Just six months after the Chautauqua County Planning Board voted to disapprove the proposed 100-feet height increase of Ball Hill Wind’s 29 planned turbines, the Cattaraugus County Planning Board voted to disapprove a 150-feet height increase for the town of Farmersville’s 23 planned turbines (part of the Alle-Catt Wind Farm) on Thursday. According to a Feb. 3 article in the Olean Times Herald, there are even more parallels between the two counties’ planning boards, their townships and proposed wind farms.
At the Jan. 31 Cattaraugus County planning board meeting, Paul Bishop, senior planner for Cattaraugus County, referenced the county’s comprehensive plan, which was revamped and enacted in March of 2016. “As we look through this, one thing kind of stood out to us and that was the 33 percent increase in height of the turbines from 450 feet to 600 feet,” he said. “We feel this would have a significant inter-community impact on neighboring municipalities and is inconsistent with the goals and objectives of our comprehensive plan.”
Similar concerns were expressed by the Chautauqua County Planning Board at their meeting on July 23, 2018 regarding the proposed change in height of 499 feet to 599 feet for Ball Hill Wind’s 23 turbines in Villenova and six turbines in Hanover. “Many were concerned about the potential for additional noise impacts, the changed view of the area and potential ice throw,” said Chautauqua County Planning Board Director Don McCord in a July 25 OBSERVER article. McCord also said that the Chautauqua County Planning Board considered the environmental impact study on ballhillwind.com, which indicates that another 550 acres would be in view of the taller turbines.
The Cattaraugus County Planning Board, too, considered the visual impact of Alle-Catt’s 117 turbines that will occupy 20,000 acres in the towns of Arcade, Centerville, Farmersville, Freedom and Rushford. Bishop explained that the first goal of the revamped comprehensive plan is “Cattaraugus County will retain its vital rural character.” Objectives of that goal include protecting the county’s natural beauty and recognizing its rural communities, farmland, scenic vistas and landscapes that contribute to the county’s rural character.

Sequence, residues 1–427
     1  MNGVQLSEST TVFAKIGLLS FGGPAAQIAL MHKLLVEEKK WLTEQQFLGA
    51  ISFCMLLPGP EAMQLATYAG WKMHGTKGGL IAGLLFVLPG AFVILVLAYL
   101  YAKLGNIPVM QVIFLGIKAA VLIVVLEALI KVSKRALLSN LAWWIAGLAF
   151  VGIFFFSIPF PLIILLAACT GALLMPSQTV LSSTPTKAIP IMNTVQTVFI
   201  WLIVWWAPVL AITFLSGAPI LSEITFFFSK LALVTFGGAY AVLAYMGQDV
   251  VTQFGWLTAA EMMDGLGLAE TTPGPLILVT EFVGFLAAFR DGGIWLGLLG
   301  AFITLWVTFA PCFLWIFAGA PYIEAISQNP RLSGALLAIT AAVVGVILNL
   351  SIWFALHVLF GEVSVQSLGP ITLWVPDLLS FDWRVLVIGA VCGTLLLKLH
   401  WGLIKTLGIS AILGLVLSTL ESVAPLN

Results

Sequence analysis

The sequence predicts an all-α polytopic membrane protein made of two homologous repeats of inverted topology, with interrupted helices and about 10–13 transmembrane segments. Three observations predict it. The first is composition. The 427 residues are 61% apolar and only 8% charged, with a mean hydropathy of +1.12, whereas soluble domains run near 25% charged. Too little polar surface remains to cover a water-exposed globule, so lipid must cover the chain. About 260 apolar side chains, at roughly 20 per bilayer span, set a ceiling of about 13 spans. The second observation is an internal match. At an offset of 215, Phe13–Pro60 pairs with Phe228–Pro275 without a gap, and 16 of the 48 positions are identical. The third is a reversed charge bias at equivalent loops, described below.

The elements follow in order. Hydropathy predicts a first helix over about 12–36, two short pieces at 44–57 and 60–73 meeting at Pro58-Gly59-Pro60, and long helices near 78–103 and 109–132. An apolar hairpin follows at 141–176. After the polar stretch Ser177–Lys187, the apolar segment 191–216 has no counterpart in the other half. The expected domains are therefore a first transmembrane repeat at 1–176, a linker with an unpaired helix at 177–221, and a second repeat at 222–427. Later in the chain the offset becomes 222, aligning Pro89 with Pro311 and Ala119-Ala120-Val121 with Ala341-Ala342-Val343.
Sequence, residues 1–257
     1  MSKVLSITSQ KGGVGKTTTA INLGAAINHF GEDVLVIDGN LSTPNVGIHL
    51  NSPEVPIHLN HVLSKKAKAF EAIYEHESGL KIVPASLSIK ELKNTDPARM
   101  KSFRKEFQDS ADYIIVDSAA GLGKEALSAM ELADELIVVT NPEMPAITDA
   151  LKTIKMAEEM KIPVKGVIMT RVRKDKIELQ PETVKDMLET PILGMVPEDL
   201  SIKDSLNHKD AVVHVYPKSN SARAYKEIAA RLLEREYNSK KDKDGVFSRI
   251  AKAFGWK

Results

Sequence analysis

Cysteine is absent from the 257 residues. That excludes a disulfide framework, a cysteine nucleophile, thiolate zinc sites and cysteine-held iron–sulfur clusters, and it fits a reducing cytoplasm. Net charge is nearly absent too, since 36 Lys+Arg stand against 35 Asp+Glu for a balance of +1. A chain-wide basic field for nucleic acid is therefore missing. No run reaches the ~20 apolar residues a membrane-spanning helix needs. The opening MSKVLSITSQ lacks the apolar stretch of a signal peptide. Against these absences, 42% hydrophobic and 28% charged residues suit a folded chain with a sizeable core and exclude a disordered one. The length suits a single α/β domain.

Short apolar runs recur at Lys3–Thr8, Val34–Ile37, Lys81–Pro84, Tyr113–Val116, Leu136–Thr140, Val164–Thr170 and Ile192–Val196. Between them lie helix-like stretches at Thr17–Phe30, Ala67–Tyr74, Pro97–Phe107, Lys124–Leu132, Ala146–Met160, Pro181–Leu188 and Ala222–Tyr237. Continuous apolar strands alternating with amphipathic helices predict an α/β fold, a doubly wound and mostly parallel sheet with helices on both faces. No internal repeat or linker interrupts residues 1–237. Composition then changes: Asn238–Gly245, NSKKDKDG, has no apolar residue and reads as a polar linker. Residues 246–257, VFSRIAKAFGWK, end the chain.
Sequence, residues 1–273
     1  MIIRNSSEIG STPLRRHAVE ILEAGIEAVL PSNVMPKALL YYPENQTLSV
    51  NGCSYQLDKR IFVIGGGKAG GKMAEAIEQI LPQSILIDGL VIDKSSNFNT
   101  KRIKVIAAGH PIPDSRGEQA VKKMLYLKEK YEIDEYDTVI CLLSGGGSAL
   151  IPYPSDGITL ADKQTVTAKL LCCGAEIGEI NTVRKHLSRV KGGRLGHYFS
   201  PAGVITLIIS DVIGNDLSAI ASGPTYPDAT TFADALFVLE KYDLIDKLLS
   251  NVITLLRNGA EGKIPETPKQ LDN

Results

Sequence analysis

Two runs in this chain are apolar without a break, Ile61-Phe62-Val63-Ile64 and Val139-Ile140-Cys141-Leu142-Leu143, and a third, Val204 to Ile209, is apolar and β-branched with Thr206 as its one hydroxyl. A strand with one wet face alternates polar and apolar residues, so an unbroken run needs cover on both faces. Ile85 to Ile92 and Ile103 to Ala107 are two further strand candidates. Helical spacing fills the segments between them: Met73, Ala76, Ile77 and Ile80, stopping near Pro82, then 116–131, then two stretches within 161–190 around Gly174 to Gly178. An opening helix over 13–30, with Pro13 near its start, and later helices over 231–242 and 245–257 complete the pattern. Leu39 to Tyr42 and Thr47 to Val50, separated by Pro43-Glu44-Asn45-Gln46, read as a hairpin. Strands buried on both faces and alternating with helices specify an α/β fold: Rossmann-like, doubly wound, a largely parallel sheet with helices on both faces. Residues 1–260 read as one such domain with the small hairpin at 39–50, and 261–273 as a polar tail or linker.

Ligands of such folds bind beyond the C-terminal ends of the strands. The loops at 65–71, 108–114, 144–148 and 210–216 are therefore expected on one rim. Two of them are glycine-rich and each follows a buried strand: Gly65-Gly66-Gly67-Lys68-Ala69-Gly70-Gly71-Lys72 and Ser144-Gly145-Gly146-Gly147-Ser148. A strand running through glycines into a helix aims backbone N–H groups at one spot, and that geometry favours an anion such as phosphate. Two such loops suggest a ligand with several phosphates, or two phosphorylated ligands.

“We’re looking at it from an inter-community impact,” Bishop emphasized. “Not so much what happens in Farmersville, but what happens in the neighboring towns and communities. We feel that this increase in height of the turbines is significant and may have an impact beyond Farmersville. … Based on the things I mentioned here, the staff recommendation is disapproval.”
The Cattaraugus County Planning Board voted unanimously to disapprove the recommendation, whereas the Chautauqua County Planning Board voted 6-3 to disapprove the change in height. Following the vote, Bishop explained that the Farmersville town board may still approve the change in height; however, the decision requires a supermajority vote to overrule the county planning board’s decision. Four out of five Farmersville town board members must vote yes, but there may be conflicts with board members that preclude them from voting. One board member, Richard Westfall, is unlikely to take part in the vote, as he has signed a lease with Invenergy, the wind company behind Alle-Catt. This and other Farmersville town board members’ possible conflicts of interest were reported to the Cattaraugus County Planning Board in a letter from the Franklinville Town Board, according to the Olean Times Herald.
Similarly in Villenova, town councilwoman Sarah LoMonto has a lease agreement with RES, the wind company behind Ball Hill Wind. She recused herself from the Aug. 8 vote; however, the Villenova Town Board’s four remaining members, including newly-appointed member Yvonne Park, unanimously voted to approve the change in height, successfully overruling the Chautauqua County Planning Board’s recommendation.
According to a lawsuit that 18 Villenova residents filed against the town and RES in September, there is another town council member that was biased towards the project. The petition states that town board member Nathan Palmer’s mother and father-in-law have a contract with RES, as does his sister-in-law and husband, which the petition claims was never disclosed to the town board or to the public.
Will history repeat itself? It is certainly possible if the Farmersville Town Board successfully approves the increase in height.